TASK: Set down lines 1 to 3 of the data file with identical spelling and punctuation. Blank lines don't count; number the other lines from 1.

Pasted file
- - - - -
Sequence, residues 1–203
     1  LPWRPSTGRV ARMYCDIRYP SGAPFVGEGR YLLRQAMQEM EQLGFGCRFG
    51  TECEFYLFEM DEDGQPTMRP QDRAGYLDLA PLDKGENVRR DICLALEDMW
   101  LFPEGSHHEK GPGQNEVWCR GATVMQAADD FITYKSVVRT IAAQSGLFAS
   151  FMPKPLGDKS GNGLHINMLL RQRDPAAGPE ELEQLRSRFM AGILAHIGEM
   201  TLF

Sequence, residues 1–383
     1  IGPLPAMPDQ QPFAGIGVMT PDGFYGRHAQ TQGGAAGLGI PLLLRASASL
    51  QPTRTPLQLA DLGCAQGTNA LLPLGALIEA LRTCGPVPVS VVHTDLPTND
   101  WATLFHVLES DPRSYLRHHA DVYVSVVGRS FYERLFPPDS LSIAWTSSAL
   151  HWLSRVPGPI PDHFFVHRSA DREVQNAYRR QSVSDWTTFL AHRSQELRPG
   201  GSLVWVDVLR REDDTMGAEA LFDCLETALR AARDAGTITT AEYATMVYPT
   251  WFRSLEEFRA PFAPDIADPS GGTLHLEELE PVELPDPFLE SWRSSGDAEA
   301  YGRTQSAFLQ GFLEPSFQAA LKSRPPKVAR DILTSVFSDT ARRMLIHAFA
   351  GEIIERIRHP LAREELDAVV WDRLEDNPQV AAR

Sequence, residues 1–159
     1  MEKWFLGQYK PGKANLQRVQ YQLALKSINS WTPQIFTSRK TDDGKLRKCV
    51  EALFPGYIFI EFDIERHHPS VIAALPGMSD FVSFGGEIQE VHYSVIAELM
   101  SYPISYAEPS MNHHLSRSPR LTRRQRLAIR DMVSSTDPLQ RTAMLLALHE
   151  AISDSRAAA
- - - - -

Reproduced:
Sequence, residues 1–203
     1  LPWRPSTGRV ARMYCDIRYP SGAPFVGEGR YLLRQAMQEM EQLGFGCRFG
    51  TECEFYLFEM DEDGQPTMRP QDRAGYLDLA PLDKGENVRR DICLALEDMW